- Personalize UI based on user behavior, e.g., by offering the best converting feature image
- Show optimal, context-driven in-app ads
- Propose optimal scheduling options for open house visits
- Retain customers by building a customer churn model based on the in-app analytics
As the user base of your real estate app grows, it becomes smarter by learning from user actions, such as adding to favorites, average view time, and others. Leveraging this information to fine-tune the AI aspects of the app, can catapult it right over the competition.
Tech stack for baking in AI & ML into a real estate app
There are quite a few technologies to master to give your home buying app a truly competitive edge:
- Core ML Tools (iOS), ML Kit (Android & iOS), CreateML
- TensorFlow Mobile, TensorFlow Lite
- Fritz Mobile ML Platform, IBM Watson, Apache MXNet, ONNX, Turi Create
6. Must-Have Features in a Real Estate App
Of course, a modern home buying app would be incomplete without a plethora of other features that branch out into selling homes, watching the real estate market, and staying up-to-date with the current home search.
The enhanced home buying experience
Think of all the options that can improve the buyer’s journey in your home searching app:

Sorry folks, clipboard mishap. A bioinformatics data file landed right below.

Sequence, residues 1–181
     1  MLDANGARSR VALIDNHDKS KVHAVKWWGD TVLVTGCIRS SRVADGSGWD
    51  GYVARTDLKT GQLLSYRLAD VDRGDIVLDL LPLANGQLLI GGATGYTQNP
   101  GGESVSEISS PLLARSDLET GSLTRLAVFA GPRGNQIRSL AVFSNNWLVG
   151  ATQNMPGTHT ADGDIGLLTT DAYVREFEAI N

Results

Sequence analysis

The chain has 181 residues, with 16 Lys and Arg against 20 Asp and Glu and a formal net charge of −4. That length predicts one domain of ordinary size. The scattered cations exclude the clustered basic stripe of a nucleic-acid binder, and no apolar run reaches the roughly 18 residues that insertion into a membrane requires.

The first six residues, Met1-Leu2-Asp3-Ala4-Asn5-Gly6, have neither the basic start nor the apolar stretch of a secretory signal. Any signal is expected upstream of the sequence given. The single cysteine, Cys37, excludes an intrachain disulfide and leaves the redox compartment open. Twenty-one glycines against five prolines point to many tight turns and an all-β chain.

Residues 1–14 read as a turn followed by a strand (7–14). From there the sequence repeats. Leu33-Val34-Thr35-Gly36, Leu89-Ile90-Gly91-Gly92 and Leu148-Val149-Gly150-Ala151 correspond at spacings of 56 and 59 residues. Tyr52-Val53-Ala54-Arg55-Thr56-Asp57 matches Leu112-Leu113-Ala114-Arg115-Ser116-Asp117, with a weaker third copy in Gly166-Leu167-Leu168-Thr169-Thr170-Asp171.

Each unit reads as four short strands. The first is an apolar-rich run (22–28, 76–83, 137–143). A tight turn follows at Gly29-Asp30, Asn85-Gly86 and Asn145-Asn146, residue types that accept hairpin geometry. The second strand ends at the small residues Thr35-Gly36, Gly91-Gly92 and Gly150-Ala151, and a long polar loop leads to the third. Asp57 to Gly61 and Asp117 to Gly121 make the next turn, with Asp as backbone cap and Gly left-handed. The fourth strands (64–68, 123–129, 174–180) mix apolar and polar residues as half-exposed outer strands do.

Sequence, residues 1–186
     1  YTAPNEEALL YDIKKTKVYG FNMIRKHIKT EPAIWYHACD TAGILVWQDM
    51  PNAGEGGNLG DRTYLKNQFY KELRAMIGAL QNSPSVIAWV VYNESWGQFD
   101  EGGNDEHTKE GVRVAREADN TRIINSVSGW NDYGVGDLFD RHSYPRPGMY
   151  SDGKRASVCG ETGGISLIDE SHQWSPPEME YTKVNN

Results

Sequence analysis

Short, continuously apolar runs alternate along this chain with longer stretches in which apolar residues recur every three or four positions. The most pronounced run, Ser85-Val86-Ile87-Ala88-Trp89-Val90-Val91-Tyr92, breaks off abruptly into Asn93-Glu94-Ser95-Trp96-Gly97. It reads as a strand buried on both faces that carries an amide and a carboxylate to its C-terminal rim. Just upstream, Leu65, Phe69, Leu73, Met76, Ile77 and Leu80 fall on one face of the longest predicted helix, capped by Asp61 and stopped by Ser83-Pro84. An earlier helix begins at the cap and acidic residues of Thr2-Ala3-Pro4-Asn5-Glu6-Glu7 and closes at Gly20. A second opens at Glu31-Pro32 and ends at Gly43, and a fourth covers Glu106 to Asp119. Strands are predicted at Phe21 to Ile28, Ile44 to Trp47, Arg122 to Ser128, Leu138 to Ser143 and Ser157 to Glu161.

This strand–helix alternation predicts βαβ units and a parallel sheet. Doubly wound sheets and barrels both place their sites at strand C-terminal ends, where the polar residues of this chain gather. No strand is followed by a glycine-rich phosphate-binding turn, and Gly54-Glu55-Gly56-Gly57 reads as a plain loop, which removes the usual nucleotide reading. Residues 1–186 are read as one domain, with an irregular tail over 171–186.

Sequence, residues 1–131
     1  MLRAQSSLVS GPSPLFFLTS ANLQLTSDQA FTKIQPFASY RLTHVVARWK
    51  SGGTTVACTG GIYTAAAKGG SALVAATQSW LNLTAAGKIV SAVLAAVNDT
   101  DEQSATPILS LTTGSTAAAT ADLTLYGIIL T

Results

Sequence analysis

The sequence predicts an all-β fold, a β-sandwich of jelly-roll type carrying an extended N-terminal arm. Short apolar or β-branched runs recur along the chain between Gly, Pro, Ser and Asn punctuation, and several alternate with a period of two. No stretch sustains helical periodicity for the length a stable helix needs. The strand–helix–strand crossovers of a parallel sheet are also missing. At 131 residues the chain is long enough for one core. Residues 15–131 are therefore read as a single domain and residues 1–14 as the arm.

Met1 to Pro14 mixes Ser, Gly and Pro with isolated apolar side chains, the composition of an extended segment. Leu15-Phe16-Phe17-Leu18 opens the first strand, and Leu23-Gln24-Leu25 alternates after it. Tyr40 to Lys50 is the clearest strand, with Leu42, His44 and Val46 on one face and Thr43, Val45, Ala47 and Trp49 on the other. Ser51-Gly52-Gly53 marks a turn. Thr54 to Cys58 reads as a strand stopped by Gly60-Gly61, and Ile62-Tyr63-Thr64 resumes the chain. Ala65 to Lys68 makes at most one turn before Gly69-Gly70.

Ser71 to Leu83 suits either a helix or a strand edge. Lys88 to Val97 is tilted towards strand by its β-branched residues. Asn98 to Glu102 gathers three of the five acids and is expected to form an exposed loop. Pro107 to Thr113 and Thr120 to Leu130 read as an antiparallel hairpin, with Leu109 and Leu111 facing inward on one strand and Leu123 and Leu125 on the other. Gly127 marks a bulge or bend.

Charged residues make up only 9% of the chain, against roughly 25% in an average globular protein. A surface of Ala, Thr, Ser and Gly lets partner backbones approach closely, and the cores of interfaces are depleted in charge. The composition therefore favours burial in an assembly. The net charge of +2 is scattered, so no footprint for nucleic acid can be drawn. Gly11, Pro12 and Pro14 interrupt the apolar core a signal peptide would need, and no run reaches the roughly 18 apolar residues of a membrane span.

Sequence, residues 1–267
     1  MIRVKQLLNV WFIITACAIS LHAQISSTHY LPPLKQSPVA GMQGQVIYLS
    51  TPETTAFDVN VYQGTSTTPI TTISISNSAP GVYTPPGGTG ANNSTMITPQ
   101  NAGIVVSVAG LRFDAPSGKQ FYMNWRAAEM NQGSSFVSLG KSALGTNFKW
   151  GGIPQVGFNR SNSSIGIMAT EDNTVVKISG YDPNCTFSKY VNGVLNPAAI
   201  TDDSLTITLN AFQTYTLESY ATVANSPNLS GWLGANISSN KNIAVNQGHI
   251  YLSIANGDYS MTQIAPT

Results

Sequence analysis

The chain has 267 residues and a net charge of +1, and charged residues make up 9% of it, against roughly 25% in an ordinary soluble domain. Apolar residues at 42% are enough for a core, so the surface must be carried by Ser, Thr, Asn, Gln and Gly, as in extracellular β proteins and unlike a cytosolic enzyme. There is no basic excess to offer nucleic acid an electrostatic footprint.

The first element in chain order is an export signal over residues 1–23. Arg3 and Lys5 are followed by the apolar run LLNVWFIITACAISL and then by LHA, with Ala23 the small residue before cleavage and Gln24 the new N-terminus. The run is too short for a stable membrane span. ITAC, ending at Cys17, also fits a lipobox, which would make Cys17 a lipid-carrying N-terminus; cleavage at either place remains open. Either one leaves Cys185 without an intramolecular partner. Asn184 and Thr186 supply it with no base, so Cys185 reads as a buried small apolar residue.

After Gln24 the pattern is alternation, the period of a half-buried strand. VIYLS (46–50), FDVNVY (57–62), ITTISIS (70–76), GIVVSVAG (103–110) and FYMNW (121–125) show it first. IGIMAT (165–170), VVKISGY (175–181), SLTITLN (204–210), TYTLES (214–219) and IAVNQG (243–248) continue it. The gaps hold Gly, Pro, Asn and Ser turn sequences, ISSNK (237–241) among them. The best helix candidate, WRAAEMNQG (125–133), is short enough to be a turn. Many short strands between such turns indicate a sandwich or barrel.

- scheduling open house visits
- adding a property to favorites
- push notifications for selected properties
- share your dream home with a partner
- discuss it with private messaging
Staying current with the market
Image credit: App Store, Mortgage by Zillow
Most real estate apps let users add their homes to a listing even if they are not looking to sell immediately. In this case, users can track their estimated home value over time. Other features that help users feel the pulse of the real estate market include:
- mortgage calculators
- mortgage options from local lenders
- database of local real estate agents (available via an in-app chat)
Adding home details into the app is all about bite-sized steps: taking all necessary information from the user without overburdening them. The more straightforward the process, the faster the user will sell his or her home. You real estate app will need to support:
- access to camera and phone’s GPS data
- editable description templates
- automatic tagging
Image credit: App Store, Trulia
Tech stack for developing additional must-have features in a real estate app
This list will vary depending on the options you plan, but at the bare minimum, you should scope for:
- Firebase, Airship, or PushWoosh (for notifications and back end)
- EventKit, Google Calendar API (for scheduling)
- SendBird, Twilio, or Chat SDK (for messaging)
- Dash, Chart.js, AnyChart, or FusionChart (for data visualization)
7. Killer Feature for Your Real Estate App
Given today’s technology versatility, there are plenty of options to make your home searching app special. One killer feature that comes to mind is the one that helps the app recognize a property you’re currently looking at and display its price as an overlay in the camera view. The feature would use a combination of augmented reality, GPS, and image recognition tech.
We recommend building native iOS and Android versions of your real estate app. That’s unless you need a quick MVP for investor valuation, in which case React Native will work.
Related article: Swift vs. React Native
Reach out to us today to discuss the features and technology stack that will make your real estate app a hit.